Q: Did you fear that they would punish you [for your kulak origins]?
A: There was shame, and there was my conscience, it wasn’t just about the punishment, but about these things.
Q: But you also feared that they might punish you?
A: Who knows? I had doubts, yes doubts. I didn’t feel fear,
Q: And that they would punish you, right?
A: That they would punish me and all the rest. Fire me from work….
A few sentences later Streletsky’s interview partner returns to the same subject: “Tell me, please, what or whom did you fear more, the NKVD or the commander [of the settlement]? Were you afraid?” Streletsky’s response: “Listen, I didn’t feel any fear.
Streletsky then talks about how he dreamed of joining the Communist Party throughout the years of his exile. When he describes his disappointment about being turned down for party membership in 1952, his voice shakes with emotion, the transcript notes. The exchange between Streletsky and his incredulous interrogator is revealing, for it discloses not only Streletsky’s moral reading of his Soviet experience but also the gap that lies between him and the interviewer, who adheres to a cynical view of Communism more characteristic of younger generations of Russians.
In the second review, “Revolutionary States,” veteran Soviet scholar Ronald Suny tackles Alexander Rabinowitch’s The Bolsheviks in Power: The First Year of Soviet Rule in Petrograd. The Bolsheviks in Power is the third in trilogy of arguably the best scholarly study of the Russian Revolution. Among Rabinowitch’s many themes, Suny notes that the central issue in this volume is: “Why did a democratic revolution based on grassroots councils and committees turn into a dictatorship that employed state terror against its opponents, real and imagined, within months of its coming to power?” A haunting question indeed.
The second book subject to Suny’s examination is Shelia Fitzpatrick’s Tear Off the Masks! Identity and Imposture in Twentieth-Century Russia. Tear Off the Masks!, the only of the four books featured which I’ve read, is a collection of articles that Fitzpatrick has published over the last fifteen years on the subject of imposture, denunciation, social identity, and coping in 1930s Soviet Russia. It is this thematic concentration that allows Suny to conclude from Fitzpatrick’s fifteen articles that her notion of the “quintessential Soviet” is “a shrewd manipulator able to adapt to shifting opportunities, maneuver through ever-present dangers and “con” the authorities when necessary.” It is this notion of Soviet citizens as ultimately conscious, rational individuals who always knew what they wanted and how to get it is where I part with her text. In parts, Fitzpatrick’s book reads like the liberal individual triumphant, a move that borders on placing her subjects above the conditioning power of History itself.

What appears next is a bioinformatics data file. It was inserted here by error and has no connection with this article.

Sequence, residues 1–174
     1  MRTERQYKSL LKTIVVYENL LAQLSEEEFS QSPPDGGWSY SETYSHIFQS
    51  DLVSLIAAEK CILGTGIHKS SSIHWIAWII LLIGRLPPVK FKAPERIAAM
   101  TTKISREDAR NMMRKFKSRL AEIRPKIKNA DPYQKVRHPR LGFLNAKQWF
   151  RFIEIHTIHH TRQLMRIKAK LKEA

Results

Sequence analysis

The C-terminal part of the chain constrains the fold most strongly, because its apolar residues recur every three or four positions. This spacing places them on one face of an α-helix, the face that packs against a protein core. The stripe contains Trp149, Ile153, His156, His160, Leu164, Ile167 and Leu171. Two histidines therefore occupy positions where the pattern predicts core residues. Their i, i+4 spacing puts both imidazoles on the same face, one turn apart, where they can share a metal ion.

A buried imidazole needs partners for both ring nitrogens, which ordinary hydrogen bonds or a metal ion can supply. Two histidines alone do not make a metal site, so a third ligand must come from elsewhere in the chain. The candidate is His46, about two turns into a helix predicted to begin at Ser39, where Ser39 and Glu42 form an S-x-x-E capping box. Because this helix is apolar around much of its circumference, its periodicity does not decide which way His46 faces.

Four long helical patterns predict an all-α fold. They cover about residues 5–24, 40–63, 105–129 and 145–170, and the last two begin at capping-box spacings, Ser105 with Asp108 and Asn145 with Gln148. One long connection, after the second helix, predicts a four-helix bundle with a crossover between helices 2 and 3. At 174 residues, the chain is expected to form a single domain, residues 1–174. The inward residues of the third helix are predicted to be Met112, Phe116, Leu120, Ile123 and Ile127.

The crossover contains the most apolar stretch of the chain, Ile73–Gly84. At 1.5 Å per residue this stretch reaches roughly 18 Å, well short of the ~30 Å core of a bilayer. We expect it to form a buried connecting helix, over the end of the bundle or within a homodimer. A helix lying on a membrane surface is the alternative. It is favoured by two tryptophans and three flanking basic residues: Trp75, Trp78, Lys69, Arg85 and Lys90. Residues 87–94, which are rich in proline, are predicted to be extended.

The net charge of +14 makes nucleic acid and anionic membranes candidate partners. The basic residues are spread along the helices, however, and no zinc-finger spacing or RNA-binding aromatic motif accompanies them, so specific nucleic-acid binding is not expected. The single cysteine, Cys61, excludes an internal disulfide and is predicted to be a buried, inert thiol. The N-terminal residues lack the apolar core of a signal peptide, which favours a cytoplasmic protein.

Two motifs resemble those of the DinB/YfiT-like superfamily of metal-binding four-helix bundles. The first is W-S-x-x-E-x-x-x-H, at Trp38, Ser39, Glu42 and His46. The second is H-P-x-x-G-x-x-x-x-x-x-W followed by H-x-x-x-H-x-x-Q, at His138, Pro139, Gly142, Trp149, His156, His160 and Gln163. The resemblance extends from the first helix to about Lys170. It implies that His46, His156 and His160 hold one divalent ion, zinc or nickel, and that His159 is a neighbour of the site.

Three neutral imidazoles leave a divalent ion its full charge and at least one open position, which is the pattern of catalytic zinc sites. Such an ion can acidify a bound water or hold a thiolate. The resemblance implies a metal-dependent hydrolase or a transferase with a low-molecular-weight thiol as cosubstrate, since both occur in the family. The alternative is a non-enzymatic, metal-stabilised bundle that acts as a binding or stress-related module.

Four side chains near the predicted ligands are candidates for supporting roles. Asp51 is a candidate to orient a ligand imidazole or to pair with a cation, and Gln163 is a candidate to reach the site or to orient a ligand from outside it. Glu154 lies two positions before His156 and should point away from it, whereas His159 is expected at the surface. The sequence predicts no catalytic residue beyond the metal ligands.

Much of Fitzpatrick’s reductionism is partially born in a historiographical attack on what she calls the “Soviet subjectivity school.” I could never understand the propensity to ascribe schools in Russian historical studies, especially to ones like the so-called “Soviet subjectivity school” which have no more than two or three scholars attached to them. Neverthless, such ascription serves many, especially as they try to carve out an island of difference within an mostly academic sea of similitude.
The contours in Soviet historiography aside, the real tragedy is that Fitzpatrick’s effort to undermine Hellbeck’s notion of a illiberal Soviet subject, (Hellbeck and Israeli historian Igal Halfin are recognized as the theoretical hydra of a Foucaultian notion of the Soviet self), leads her to posit an equally reductionist view of the self that the “Soviet subjectivity school” has similarly, and often unfairly, been criticized for. But such is the outcome when one rejects the notion of theory altogether. Such declarations mask the fact even the most empirically based analyses are steeped in some theoretical assumption about the lives subject to them.
A study that somehow captures the inner contradictions of life under Stalin that goes beyond Soviet citizens as either dupes or tricksters is still waiting to be written. My methodological position would be an exploration into the dialectical braiding of the two poles. But that is a whole other story that is still in the making.Post Views: 806